My experimental nature is never more evident than in the pursuit of bodily hairlessness; I am to hair removal what Joan Rivers is to plastic surgery and, honey, I’ve tried it all.
Through testing, I have learnt that when it comes to hair removal, as with so many things in life, you can’t have it all. While daily shaving may offer constant silkiness of leg, it is also a damn pain to maintain (and promotes ingrown hairs and bobbles on the leg as a result of the healthy freshly-sliced head of the hair waiting to spring forth). Waxing is costly, epilating painful and, ultimately, both require constant bloomin’ maintenance to stop hairs from blooming.
In the continuing spirit of experimentation, I have taken a new avenue and acquired a Tria to road test. A what, you say? A Tria: a laser for home use that is the first of its kind – cordless, as effective as a salon laser (clinical tests showed up to a 70% reduction in hair growth after two uses), and a pretty nifty little model all round that requires nothing but a charge and a hairy surface to do its work.
That’s reductive. Apologies, I am excited. Two specifics are important prior to using the Tria: firstly, that your skin leans towards the paler end of things and that your hair is dark(ish). If you are wondering whether you qualify, pop into a Space NK and ask them to do the spot test on your skin – the base of the Tria has a sensor that checks whether you are compatible in an instant. If you are (I was), you then need to shave the area that is to be Tria-d. Once you’ve done those two little things, you’re good to go.
I decided to go full hog and attack all my sites of unsightly hair growth. They were multiple, so I started on my upper lip (the Tria is lip/chin compatible but cannot be used on eyebrows). Now, the pre-shave was a bit of a hurdle here – yes, I wanted to rid myself of lip fuzz forever but, no, I didn’t much fancy face stubble. I clung to the promise of significant hair reduction and set the Tria to level 3 (there are 5 – 5 being the most intense, 1 the most gentle).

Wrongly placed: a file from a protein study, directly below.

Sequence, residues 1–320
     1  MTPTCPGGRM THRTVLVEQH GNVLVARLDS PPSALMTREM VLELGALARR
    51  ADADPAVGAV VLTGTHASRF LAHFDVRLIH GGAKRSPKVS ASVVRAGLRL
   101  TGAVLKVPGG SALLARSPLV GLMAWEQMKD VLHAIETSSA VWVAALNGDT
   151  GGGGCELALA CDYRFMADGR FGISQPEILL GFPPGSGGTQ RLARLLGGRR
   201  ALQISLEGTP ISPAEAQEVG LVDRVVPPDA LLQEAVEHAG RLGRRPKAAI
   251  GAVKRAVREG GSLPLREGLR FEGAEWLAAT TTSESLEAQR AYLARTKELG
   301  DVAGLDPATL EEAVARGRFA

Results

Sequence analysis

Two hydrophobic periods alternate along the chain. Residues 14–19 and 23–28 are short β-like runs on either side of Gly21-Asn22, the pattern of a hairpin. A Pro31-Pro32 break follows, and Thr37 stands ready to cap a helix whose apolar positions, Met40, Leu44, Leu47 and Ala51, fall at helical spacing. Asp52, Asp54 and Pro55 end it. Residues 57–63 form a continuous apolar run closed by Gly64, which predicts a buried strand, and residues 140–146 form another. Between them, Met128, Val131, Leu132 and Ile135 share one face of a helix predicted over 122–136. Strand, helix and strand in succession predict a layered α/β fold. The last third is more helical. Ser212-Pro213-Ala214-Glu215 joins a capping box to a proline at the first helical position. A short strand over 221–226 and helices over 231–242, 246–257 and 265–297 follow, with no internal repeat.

Once set, I pressed it to my upper lip where it started its automatic beep/zap action – the Tria, when held over skin, automatically goes to work. All you need to get it going is to turn it on, place it on the area you wish to treat and wait for the beep and flash of light. You then move it along slightly on the skin and wait for it to beep/zap again. I found working in straight lines helped ensure I wasn’t covering the same ground twice.
Does it hurt? Hurt is perhaps the wrong word. It is an odd sensation, akin to a little elastic band pinging against your skin coupled with a burst of heat – not painful per se, but equatable to a little electric shock. Perfectly manageable on level 3, a little more painful on the level 5 I used on my underarms. I completed four areas on the first charge, recharged, and tackled two on the second before inspecting my skin: there was minimal redness (quite a feat – my skin is fairly reactive).
We need to talk about the sordid topic of coin. The initial outlay for a Tria is £375. An awful lot, I know. Having said that, once bought, you need spend no further money whatsoever to keep it running. You can use it to your heart’s content over and over until your legs/arms/bikini line/underarm sprout no more then store it away for the odd patch of regrowth. It is also undeniably cheaper than the equivalent treatments in a salon (see Tria’s estimation of costs for salon treatments v Tria cost below).
You can also share the Tria (and cost) – I’m sure somewhere there must be a little warning against this, but as the nozzle that touches skin is a little flat glass tip and can be wiped, I see no reason not to share both the price and laser with others, provided you see them weekly for a handover. Several of my loved ones have already taken me up on this (though, perhaps unsurprisingly, not yet coughed up – AHEM). We are all equal parts excitement at a summer free of the drudgery of hair removal and thrill at the ease of use. So maybe you can have it all. I will report back.